“Try something different every time you’re out,” Dumas recommended. “Change baits, try live bait, try different rigs. The key is to learn something when you catch fish and even more when you don’t.”

Terry Googins

It’s hard to find a fishing story about Lake Pontchartrain that doesn’t have a quote or two from Googins. He fishes the lake year round, and he says one of the best things anglers can do is to get away from the crowds, especially if they want an awesome topwater or jerkbait bite.

“From March through May, when the fish are heavy with eggs, they get on the shoreline from Slidell to Mandeville,” he said. “Places like Green Point, Cane Bayou, Bayou Liberty and Bayou Lacombe have some great grass beds around them. Find where the mullet are in that grass, and you’re set for some excellent fishing.”

Googins begins fishing the shallow grass beds early in the morning with walking topwater baits like a chrome/black or chartreuse Zara Puppy or a Top Dog Jr.

After the sun comes up, trout frequently move out toward deeper water, where Googins targets them with subsurface baits like a white/red Catch 2000.

“Although I’ve caught them as shallow as 1 and 2 feet,” Googins said, “I try to stay in 3 to 4 feet. Sometimes that depth is 200 yards off the shoreline, so don’t be afraid to move out as long as you have the right depth, good grass and bait.”

According to Googins, tide has very little affect on these trout. It does rise and fall, but the ability to get off the bank makes it easy to adjust. One of the keys to staying on this bite is to be willing to move if one area isn’t paying off.

“I catch a lot of 3- to 3 1/2-pound fish in this area,” Googins said. “But I’ve also caught them up to 7 pounds. The great thing about it other than the good fishing is that the area is rarely fished by other anglers — they’re too busy fishing the bridges.”

Chas Champagne

Like Dumas, Champagne has quite a following on the fishing report board. The two fish together a lot, but Champagne is just as at home on his own as he is with Dumas.

“The first thing I tell people who get in the boat with me is to be a line watcher,” Champagne said. “This is something I harp on whenever I talk about Pontchartrain. Everybody is in love with braided line like Power Pro, but that stuff is almost impossible to see above the water. You’ve got to fish a line you can see.”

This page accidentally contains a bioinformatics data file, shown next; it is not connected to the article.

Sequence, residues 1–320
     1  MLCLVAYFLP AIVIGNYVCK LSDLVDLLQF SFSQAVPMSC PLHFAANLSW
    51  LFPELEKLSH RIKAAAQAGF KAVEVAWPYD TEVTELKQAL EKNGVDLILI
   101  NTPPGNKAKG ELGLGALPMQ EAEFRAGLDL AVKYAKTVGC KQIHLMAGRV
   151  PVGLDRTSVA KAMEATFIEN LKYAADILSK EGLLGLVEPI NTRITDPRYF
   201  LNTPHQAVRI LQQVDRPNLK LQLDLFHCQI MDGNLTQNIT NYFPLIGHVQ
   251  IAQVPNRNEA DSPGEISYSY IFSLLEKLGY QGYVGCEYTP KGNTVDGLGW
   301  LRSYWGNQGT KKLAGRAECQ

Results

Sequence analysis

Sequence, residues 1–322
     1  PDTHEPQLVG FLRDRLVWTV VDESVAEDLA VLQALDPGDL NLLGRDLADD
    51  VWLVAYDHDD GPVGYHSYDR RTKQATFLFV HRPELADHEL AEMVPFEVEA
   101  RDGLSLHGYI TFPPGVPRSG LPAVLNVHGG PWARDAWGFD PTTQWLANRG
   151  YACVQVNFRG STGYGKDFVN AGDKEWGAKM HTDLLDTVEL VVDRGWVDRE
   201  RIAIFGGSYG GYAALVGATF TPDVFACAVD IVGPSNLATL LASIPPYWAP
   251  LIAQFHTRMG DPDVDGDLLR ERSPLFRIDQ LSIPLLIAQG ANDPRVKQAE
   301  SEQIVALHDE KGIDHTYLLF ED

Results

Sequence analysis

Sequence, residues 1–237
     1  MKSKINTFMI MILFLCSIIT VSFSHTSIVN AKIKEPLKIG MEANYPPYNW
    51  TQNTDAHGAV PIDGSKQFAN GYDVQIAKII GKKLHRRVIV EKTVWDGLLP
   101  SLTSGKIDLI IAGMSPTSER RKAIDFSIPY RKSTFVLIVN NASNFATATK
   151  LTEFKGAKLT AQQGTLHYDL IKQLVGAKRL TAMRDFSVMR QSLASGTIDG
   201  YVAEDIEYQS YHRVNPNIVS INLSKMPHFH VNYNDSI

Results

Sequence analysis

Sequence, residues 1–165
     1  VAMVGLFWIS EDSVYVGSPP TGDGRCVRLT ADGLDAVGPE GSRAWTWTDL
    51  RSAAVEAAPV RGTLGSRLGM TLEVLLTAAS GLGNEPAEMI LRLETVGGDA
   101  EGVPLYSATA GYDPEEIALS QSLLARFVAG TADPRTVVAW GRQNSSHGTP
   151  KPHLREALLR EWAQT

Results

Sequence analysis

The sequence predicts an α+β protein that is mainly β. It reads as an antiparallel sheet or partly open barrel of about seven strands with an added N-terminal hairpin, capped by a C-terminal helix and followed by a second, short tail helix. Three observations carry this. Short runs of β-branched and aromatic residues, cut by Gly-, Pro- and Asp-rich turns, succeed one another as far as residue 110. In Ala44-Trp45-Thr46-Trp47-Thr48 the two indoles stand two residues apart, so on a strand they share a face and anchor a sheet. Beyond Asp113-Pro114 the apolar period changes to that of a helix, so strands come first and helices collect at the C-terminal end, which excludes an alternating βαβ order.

Champagne believes that even the best anglers on Lake Pontchartrain miss fish sometimes because they don’t feel the bite. However, they rarely have their eyes off of their line where it enters the water, so they don’t miss too many.

“When a trout picks up your lure the line will jump to the right or left,” Champagne said. “Sometimes you’ll just see it go slack above the water. The best way to see your line jumping is to do what Terry Googins taught me to do — fish with 17-pound-test original Stren fluorescent line. This line glows above the surface, and it makes it a lot easier to see when your line jumps.”

Champagne feels there isn’t anything wrong with fishing braided line on Pontchartrain other than it being hard to see. In other words, fish don’t shy away from biting because they see the line. Braided line is more sensitive than monofilament, but it’s lack of stretch makes it tough to feel a slack bite because it doesn’t transmit the vibration as well when it isn’t taut.

Lake Pontchartrain doesn’t have to be a tough place to fish. Try some of these expert recommendations, and see if your fishing success doesn’t improve.

If it doesn’t, you can come get in the boat with me to see if two heads are better than one.

About Chris Ginn 778 Articles
Chris Ginn has been covering hunting and fishing in Louisiana since 1998. He lives with his wife Jennifer and children Matthew and Rebecca along the Bogue Chitto River in rural Washington Parish. His blog can be found at